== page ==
Rev. Clementa Pinckney
The Rev. Clementa Pinckney, a South Carolina state senator, was among nine people killed by a gunman at Emanuel African Methodist Episcopal Church in Charleston Wednesday night, June 17, 2015. Here he speaks during the Watch Night service in a Dec. 31, 2012, file photo. Reuters

Pastor and South Carolina state Sen. Clementa Pinckney was named early Thursday as one of the nine victims in a mass shooting at a historic black church in Charleston. Pinckney, 41, died after an unidentified shooter opened fire during a Bible study meeting at Emanuel African Methodist Episcopal Church Wednesday night. Officials are investigating the incident as a hate crime.

As the community mourned Thursday, they remembered Pinckney for both his legislative and religious work. Pinckney was the youngest black man to be elected to South Carolina's Legislature, according to his biography on the Emanuel AME website. He was first voted into the state's House of Representatives at age 23, and moved up to the state Senate four years later. The Democrat represented portions of six counties: Allendale, Beaufort, Charleston, Colleton, Hampton and Jasper.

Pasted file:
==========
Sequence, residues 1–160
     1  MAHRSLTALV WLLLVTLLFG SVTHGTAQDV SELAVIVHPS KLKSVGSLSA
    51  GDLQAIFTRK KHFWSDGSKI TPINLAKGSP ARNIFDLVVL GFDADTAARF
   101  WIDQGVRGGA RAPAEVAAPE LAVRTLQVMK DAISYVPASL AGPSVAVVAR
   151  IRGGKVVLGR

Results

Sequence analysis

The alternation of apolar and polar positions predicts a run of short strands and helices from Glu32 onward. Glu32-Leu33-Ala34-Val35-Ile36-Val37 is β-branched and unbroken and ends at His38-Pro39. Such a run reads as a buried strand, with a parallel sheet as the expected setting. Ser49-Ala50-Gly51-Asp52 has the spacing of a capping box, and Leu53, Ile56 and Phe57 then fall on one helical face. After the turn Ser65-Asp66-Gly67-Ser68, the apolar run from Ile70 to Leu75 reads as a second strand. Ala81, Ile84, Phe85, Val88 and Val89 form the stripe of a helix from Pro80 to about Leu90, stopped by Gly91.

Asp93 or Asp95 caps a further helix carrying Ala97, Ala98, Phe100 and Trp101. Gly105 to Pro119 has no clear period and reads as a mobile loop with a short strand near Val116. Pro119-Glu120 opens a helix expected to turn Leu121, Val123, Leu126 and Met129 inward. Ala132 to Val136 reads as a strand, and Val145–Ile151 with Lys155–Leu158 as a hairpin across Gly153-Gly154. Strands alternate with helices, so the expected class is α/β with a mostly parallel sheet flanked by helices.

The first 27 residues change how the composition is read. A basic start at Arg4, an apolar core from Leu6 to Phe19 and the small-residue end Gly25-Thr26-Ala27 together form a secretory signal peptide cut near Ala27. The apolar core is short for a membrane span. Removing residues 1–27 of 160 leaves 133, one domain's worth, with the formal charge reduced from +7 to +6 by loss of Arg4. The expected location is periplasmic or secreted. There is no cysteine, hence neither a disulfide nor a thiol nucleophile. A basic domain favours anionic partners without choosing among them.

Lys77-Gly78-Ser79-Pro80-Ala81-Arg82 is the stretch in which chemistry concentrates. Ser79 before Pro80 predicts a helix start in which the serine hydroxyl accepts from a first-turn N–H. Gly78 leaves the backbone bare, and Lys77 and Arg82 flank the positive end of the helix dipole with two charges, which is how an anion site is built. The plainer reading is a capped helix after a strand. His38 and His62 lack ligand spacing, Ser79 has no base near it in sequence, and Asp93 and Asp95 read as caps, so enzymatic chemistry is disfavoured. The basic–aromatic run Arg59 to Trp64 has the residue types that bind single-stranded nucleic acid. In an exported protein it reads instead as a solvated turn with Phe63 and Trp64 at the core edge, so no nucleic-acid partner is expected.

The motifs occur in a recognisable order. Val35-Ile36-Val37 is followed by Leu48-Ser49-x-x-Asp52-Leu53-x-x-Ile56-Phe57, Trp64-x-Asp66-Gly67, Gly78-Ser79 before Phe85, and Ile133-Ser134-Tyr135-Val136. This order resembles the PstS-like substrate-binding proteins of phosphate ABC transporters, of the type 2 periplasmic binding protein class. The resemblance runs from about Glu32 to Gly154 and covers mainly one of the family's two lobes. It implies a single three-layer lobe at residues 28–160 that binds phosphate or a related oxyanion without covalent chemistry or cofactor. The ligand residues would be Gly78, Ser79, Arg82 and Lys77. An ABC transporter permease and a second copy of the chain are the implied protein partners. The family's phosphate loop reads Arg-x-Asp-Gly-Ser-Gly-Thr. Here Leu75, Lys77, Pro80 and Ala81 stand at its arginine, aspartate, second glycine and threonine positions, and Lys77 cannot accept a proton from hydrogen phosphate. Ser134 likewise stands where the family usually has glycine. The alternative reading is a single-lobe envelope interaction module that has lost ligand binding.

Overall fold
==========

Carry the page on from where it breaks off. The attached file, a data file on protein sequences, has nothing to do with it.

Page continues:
Over the years, Pinckney worked on several issues, including banking, insurance, transportation and corrections. He recently sponsored a bill to require police officers to wear body cameras, saying they "may not be the golden ticket, the golden egg, the end-all-fix-all, but it helps to paint a picture of what happens during a police stop," the Guardian reported.

Pinckney also spent his time leading various local churches. A fourth-generation minister, he became interested in preaching at 13 and became a pastor at 18, the Charleston Post and Courier reported in 2010. He served at four churches before joining Emanuel AME. There, Pinckney linked his advocacy work to his faith, leading a prayer vigil for Walter Scott, who died in a police shooting in North Charleston earlier this year.
Pinckney is survived by his wife, Jennifer, and two daughters, Eliana and Malana.

"He was a very caring and competent pastor and he was a very brave man," the Rev. Joseph Darby told MSNBC. "And brave men sometimes die very difficult deaths."

Watch Pinckney speak about the importance of church and civil rights here or below.